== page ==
Home ownership has long been seen as a critical component to success in America. This has so impacted our psychology that many renters feel inadequate for not taking part in what has been called the ownership society. So it’s fair to ask how far will (or should) you go to be a homeowner. It seems declining affordability is causing some buyers to get creative.
GW Bush wasn’t the only president to aim for growing home ownership, of course. FDR’s New Deal and the post-WWII economic and baby boom helped grow our home ownership rate from 44% in 1940 to about 62% by 1960. Growth continued before peaking at 68% in 2007 and obviously took a hit during the Great Recession. We’ve been in the mid-60% range ever since.
While average on the world stage, our current home ownership rate of about 64% seems poised for more growth. There’s so much demand chasing not enough supply. Even amid what many term an affordability crisis, the drive to own a home is so strong that some are looking for alternatives to traditional home ownership.
For example, there’s a growing number of people buying homes in partnership with each other, something known as co-buying. We’ve all heard of this in terms of buying a vacation property with a friend or even with strangers as part of an investment scheme, but more buyers are using co-buying to buy a primary residence. They live together, share expenses, and potential home equity growth as well. They also share risk, which can work out badly if not planned for and if, unfortunately, they’re unlucky.
Honestly, I didn’t know co-buying was that big of a thing, but I’ve been reading about it and wanted to share some information. Ultimately, it’s an interesting development in the ongoing saga of rising real estate prices and what’s sustainable longer-term.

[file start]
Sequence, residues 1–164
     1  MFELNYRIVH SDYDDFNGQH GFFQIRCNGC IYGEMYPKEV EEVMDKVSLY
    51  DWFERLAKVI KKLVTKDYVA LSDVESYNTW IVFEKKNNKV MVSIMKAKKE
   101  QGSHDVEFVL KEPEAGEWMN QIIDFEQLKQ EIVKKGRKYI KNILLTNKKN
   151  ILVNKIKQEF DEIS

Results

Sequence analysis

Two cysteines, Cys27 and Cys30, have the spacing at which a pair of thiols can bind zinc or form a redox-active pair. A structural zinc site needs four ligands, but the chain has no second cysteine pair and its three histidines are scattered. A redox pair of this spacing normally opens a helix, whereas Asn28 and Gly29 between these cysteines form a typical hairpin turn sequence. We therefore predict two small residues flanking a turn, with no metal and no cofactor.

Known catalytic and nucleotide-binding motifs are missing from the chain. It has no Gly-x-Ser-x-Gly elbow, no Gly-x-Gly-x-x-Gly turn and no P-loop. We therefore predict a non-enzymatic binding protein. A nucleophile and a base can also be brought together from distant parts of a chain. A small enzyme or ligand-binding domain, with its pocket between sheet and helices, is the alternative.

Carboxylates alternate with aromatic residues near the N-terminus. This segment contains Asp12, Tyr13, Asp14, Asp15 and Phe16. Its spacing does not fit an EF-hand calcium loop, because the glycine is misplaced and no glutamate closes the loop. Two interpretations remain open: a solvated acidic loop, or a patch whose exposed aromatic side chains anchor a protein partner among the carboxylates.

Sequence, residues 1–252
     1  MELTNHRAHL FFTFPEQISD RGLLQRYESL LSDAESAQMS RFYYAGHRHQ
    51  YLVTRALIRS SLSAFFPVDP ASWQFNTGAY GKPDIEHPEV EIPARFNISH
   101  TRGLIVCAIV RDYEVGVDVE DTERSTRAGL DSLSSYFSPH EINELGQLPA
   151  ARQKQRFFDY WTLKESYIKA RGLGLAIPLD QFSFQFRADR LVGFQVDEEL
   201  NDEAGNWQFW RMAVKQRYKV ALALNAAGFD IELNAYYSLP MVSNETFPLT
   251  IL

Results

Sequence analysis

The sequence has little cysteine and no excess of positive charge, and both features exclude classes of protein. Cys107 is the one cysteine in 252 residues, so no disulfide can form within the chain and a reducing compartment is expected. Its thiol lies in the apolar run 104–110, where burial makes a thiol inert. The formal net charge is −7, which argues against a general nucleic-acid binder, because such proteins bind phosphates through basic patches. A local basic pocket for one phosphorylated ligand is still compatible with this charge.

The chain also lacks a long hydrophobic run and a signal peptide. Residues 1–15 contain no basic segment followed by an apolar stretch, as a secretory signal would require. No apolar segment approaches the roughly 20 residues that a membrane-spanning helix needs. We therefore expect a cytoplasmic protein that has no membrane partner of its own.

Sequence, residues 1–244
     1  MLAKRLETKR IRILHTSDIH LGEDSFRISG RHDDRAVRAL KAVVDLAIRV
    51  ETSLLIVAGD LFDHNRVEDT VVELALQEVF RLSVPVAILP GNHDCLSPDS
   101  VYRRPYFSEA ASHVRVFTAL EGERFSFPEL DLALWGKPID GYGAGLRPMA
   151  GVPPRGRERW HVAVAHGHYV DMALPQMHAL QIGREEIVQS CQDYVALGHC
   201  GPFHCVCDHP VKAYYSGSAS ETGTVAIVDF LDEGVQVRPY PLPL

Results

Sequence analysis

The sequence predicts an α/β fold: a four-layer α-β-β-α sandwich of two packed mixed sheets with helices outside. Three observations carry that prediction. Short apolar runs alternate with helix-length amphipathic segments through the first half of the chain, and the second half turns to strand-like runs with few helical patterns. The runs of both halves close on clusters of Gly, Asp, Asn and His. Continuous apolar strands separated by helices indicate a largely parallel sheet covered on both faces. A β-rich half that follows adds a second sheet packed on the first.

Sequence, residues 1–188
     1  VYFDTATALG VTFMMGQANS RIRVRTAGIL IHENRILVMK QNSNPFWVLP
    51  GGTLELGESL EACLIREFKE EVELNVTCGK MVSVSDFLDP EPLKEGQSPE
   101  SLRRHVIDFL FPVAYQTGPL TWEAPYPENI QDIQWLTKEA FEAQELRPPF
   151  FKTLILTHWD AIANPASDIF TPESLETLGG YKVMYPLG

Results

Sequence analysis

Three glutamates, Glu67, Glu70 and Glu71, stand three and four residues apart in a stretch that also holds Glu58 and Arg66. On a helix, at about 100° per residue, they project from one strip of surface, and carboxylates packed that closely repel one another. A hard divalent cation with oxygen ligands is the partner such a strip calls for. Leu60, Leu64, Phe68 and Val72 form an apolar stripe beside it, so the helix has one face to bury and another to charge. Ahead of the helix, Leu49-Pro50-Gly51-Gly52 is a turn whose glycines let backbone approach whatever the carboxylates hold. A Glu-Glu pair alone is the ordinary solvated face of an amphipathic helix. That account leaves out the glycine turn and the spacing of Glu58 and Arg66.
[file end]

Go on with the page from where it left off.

First, let’s review some charts and commentary from my research partners at Bespoke Investment Group. They conduct a monthly survey of 1,500 consumers based on Census data and often come up with interesting analysis. This time it’s about the rise of Millennials and Gen Z as homeowners. This data confirms the anecdotes about younger folks being eager to buy and also excited to fix up their space.
One of the phenomena the [survey] shows recently is a very strong interest in home purchases, with about a quarter of respondents saying they're either likely or very likely to buy a home in the next year. But that interest has been far more dramatic among younger respondents. Among Millennials, who are in their early 20s to mid-40s, 15% report they are "very likely" to buy in the coming year. An even more dramatic 19% of those 18-24 (older Gen Z) say they are "very likely" to buy a home in the coming year. The number is less than 5% for those 45 and older.
More Millennials and Gen Z consumers are also reporting interest in home improvement. An impressive 45% of 18-24 year-olds and 38.6% of Millennials report that they have started a home improvement project in the last 3 months. Older respondents are in the opposite position: they've steadily been reducing their home improvement over the past several years as shown in the chart below.
Second, here’s an interesting article on the rise of co-buying among mostly younger buyers. These buyers want a piece of the ownership society, and the pandemic has probably only made that stronger. If they can’t own alone, they’ll own together. While it's great that people are willing to go down this road together, it's also sort of a sad commentary on how bad affordability has become in some areas.
WSJ has a soft paywall, so let me know if you can’t access the story and I’ll email it to you from my account.
Third, and sort of a play on this theme, is an article from this Spring about local pushback against companies marketing this co-buying theme. While the article deals with “fractional” second-home ownership, I wonder if similar complaints might end up being made about co-buyers of primary homes raising neighborhood density and bringing other forms of change to communities.
Have questions? Ask me. I can help.
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